Looking back at pandemic cooking trends, you might recall a wave of attempts at breadmaking, whipped coffees, and hot chocolate bombs. More time at home meant more time in the kitchen for many. The initial spike in home cooking trends (are you still feeding that sourdough starter?) gave the illusion of a newfound love of cooking.
Interest in cooking among new fans of the kitchen was short lived though. In fact, Americans’ love of cooking is on the decline in 2021.
What does this mean for our favorite cookware brands? Perhaps an opportunity to appeal to those who are less versed at The Joy of Cooking. Practical alternatives for those whose interest is periodically piqued by creating a meal of their own may begin to gain traction among consumers.
What’s Next in Cookware?
While subway tile backsplashes have been enjoying their moment in the limelight, bold cabinetry and kitchen accents have trailed closely behind. But how will bold color trends impact cookware? We took a closer look at the importance of color when selecting cookware.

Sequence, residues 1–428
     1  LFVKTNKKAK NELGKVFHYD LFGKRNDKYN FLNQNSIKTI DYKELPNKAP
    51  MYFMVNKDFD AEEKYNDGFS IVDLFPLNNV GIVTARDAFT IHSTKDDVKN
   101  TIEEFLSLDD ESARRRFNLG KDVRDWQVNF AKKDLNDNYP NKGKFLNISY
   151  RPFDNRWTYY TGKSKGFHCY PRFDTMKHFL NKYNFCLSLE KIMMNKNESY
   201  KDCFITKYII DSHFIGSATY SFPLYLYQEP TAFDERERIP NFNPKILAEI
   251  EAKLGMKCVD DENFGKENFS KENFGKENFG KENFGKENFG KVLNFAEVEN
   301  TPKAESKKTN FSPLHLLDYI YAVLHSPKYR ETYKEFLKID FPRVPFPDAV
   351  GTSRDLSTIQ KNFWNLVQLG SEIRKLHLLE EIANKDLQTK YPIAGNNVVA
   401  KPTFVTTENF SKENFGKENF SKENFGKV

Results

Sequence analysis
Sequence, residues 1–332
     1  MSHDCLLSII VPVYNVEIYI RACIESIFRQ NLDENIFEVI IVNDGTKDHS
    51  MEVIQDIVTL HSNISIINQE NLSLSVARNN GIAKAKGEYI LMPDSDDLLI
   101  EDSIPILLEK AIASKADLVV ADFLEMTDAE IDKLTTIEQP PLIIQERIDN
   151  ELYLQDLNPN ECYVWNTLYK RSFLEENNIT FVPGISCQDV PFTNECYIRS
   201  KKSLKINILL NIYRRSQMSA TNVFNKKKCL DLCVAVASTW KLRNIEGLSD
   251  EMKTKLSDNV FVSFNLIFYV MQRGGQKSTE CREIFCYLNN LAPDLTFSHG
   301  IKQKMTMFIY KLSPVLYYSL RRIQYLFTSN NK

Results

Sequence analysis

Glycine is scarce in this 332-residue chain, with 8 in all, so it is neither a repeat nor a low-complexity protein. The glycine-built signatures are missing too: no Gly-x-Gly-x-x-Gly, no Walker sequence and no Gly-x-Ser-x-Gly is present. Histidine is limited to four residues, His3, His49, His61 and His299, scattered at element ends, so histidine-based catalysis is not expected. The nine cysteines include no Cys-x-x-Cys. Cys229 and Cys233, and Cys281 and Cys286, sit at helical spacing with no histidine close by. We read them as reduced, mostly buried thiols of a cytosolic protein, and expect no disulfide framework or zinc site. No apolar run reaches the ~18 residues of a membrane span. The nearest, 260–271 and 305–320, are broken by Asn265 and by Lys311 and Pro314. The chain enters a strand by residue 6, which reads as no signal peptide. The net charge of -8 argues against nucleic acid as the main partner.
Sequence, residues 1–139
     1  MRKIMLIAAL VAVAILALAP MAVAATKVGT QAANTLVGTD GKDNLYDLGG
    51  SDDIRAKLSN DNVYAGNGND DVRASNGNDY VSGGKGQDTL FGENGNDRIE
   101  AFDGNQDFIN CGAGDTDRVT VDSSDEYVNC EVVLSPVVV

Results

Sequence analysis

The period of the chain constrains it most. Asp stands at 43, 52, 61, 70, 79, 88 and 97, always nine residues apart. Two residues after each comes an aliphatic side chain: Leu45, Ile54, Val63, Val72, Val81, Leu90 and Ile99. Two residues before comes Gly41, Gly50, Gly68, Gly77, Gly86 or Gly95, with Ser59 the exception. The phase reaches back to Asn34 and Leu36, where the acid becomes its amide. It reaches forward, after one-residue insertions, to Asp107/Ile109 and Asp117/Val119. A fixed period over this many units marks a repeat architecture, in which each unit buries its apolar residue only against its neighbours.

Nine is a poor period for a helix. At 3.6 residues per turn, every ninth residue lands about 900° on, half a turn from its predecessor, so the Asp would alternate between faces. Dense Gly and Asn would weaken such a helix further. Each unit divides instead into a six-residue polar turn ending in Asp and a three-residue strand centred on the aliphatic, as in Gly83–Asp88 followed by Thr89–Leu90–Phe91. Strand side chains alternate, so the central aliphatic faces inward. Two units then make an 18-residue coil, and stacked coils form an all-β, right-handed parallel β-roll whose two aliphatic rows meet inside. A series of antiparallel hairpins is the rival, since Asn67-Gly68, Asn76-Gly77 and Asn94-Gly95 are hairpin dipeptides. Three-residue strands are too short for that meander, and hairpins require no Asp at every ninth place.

CivicScience data show that consumers are split on the importance of color, with 53% making this consideration when purchasing new pots and pans.
The importance of color when selecting cookware is a larger concern for women (52%) than it is for men.
Color is also more important to consumers who own a matching set of home cookware (52%).
For each income group, having an opinion about the color of cookware claims just under 50%. But among those making between $25K and $50K per year, the preference is slightly stronger (55%).
Popular Brands and Products
So, which brands are cooking lovers using in their own homes? Our data show a few frontrunners. When asked to select which brands were used in their own home, over 20% of home cooks indicated they own items from the following brands: KitchenAid (45%), Cuisinart (41%), Calphalon (27%), Farberware (26%), and T-fal (22%).
Preferences in cookware material are also varied among the population with 41% indicating they use nonstick cookware most frequently followed by 22% who use stainless steel, and 17% using cast iron.
Fifty five percent of individuals who purchase cookware are at least somewhat interested in multi-purpose cookware (pots and pans designed for multiple purposes).
This interest is led by those who enjoy home cooking, with 20% of respondents very interested in multi-functional cookware. Ease of use, and versatility are selling points to the home cook that is already interested in this type of product (and don’t forget about color).
As restaurants begin to reopen and many regions in the U.S. are transitioning to milder weather, we will continue to monitor the impact on the product and brand preferences of home cooks.